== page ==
DE2812683A1 (en) * 1978-03-23 1979-10-04 Hoechst Ag Removing salt from glycolic acid soln. - by heating in presence of immiscible solvent to remove water, then filtering
WO1992005138A1 (en) * 1990-09-20 1992-04-02 E.I. Du Pont De Nemours And Company Manufacture of high-purity hydroxyacetic acid

Cited By (19)

* Cited by examiner, † Cited by third party
Publication number Priority date Publication date Assignee Title
US20050209328A1 (en) * 2004-03-19 2005-09-22 Allgood Charles C Alphahydroxyacids with ultra-low metal concentration
EP1947079A1 (en) * 2005-10-26 2008-07-23 Mitsui Chemicals, Inc. Process for producing glycolic acid
EP1947079A4 (en) * 2005-10-26 2014-12-10 Mitsui Chemicals Inc Process for producing glycolic acid
US20120285865A1 (en) * 2009-12-31 2012-11-15 Dorf Ketal Chemicals (India) Private Limited Additive and method for removal of impurities formed due to sulfur compounds in crude oils containing calcium naphthenate
US8679324B2 (en) * 2009-12-31 2014-03-25 Dorf Ketal Chemicals (India) Private Limited Additive and method for removal of impurities formed due to sulfur compounds in crude oils containing calcium naphthenate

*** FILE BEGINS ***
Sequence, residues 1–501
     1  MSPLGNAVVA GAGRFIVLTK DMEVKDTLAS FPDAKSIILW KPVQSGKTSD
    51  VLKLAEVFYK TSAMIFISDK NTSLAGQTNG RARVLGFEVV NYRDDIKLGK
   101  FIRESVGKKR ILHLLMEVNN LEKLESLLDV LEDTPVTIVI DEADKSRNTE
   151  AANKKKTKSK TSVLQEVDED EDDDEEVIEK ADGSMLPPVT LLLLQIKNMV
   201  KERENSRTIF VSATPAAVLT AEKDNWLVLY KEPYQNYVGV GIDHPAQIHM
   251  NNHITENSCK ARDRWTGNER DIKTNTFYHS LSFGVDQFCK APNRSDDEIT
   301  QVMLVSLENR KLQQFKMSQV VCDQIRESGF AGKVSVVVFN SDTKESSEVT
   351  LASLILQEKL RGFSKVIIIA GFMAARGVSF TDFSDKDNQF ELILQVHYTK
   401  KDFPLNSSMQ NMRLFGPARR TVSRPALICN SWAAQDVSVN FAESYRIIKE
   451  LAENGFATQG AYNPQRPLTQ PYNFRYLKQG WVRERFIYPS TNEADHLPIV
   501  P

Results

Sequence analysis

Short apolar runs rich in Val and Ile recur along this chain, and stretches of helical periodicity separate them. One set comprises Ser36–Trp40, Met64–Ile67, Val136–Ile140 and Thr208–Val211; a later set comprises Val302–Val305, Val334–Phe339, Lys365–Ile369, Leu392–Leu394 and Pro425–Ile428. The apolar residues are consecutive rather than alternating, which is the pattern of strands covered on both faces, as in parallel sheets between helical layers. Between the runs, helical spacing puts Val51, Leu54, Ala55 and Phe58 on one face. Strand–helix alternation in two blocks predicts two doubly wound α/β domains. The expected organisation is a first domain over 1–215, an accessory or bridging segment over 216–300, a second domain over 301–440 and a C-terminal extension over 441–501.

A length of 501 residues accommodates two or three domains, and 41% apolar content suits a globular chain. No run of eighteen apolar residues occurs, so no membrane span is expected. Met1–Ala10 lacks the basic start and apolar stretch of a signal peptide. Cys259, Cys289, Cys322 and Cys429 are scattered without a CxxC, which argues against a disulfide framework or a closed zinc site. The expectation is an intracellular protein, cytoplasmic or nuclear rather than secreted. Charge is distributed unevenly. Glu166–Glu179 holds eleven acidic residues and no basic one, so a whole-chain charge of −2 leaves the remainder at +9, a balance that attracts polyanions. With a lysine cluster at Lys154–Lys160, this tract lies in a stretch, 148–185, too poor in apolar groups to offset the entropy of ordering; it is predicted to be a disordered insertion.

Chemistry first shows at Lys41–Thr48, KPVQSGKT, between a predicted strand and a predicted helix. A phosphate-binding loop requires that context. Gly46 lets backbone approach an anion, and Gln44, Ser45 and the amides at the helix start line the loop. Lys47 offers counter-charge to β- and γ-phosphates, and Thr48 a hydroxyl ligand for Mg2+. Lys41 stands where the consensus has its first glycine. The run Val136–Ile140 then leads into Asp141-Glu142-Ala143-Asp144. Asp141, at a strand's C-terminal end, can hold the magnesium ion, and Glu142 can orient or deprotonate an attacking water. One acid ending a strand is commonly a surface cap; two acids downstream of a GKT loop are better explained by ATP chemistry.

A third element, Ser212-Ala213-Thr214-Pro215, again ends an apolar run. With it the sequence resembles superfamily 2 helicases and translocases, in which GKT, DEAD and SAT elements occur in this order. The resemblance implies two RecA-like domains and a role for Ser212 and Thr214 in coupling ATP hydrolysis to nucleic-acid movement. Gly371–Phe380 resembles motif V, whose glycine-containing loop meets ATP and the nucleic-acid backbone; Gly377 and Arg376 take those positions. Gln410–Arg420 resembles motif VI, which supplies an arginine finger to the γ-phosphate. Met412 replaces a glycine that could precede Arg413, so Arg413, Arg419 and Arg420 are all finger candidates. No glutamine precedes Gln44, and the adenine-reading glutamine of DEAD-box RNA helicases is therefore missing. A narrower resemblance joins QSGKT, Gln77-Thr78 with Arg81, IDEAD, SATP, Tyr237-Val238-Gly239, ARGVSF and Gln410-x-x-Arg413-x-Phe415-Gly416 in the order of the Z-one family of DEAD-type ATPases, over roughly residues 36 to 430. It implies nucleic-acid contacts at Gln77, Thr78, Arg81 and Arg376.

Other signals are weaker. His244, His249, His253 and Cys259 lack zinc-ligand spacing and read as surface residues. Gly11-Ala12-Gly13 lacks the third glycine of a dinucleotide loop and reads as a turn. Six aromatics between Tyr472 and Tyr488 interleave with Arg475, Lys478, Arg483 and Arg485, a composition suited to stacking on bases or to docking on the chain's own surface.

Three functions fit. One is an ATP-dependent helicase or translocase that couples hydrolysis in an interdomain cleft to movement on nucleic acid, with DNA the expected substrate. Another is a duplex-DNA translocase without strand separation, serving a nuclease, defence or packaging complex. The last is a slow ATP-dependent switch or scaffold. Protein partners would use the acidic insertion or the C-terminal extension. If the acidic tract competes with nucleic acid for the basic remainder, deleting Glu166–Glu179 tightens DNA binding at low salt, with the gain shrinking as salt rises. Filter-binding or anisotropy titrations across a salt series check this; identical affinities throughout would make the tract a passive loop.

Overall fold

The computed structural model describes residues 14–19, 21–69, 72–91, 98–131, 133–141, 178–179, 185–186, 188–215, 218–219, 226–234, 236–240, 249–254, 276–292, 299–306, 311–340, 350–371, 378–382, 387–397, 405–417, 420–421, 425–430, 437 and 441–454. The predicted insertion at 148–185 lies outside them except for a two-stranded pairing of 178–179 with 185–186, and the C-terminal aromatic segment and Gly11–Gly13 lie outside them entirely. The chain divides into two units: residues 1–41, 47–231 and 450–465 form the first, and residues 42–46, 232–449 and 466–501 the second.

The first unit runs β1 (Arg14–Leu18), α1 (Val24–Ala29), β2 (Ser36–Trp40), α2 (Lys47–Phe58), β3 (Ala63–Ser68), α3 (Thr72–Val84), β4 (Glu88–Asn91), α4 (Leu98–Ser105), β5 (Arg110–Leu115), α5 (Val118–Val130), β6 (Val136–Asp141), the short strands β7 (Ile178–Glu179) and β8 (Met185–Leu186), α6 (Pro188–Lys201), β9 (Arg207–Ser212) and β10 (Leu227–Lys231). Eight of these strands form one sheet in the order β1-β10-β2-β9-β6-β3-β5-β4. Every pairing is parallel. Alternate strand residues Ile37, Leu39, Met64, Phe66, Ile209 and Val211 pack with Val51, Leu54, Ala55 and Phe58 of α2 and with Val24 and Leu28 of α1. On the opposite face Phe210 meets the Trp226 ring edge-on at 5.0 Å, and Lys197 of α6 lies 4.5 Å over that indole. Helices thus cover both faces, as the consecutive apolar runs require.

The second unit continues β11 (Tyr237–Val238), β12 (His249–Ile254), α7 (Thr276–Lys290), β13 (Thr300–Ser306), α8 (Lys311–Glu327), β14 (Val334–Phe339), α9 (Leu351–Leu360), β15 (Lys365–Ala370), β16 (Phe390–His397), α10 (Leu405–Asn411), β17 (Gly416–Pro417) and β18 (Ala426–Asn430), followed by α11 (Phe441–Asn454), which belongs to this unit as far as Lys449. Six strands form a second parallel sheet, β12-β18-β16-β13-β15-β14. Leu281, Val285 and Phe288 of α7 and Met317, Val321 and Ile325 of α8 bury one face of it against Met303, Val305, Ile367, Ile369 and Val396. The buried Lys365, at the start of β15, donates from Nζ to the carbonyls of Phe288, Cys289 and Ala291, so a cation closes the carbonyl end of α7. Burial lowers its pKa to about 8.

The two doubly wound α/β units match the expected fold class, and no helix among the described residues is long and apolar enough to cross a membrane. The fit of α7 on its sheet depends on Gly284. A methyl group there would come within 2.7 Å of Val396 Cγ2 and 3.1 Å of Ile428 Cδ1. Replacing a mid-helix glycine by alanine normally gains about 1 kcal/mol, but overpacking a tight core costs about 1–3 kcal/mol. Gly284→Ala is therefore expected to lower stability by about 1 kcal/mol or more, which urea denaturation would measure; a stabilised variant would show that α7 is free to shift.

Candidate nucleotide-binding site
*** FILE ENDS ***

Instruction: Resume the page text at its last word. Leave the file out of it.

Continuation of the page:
KR101555479B1 (en) 2009-12-31 2015-09-24 도르프 케탈 케미칼즈 (인디아) 프라이비트 리미티드 Additive and method for removal of impurities formed due to sulfur compounds in crude oils containing calcium naphthenate
US8466328B2 (en) 2010-08-18 2013-06-18 Eastman Chemical Company Method for recovery and recycle of ruthenium homogeneous catalysts
US9227896B2 (en) 2010-08-18 2016-01-05 Eastman Chemical Company Process for the separation and purification of a mixed diol stream
US8829248B2 (en) 2010-08-18 2014-09-09 Eastman Chemical Company Method for recovery and recycle of ruthenium homogeneous catalysts
US8779214B2 (en) 2010-08-18 2014-07-15 Eastman Chemical Company Methods for recovery and recycle of ruthenium homogenous catalysts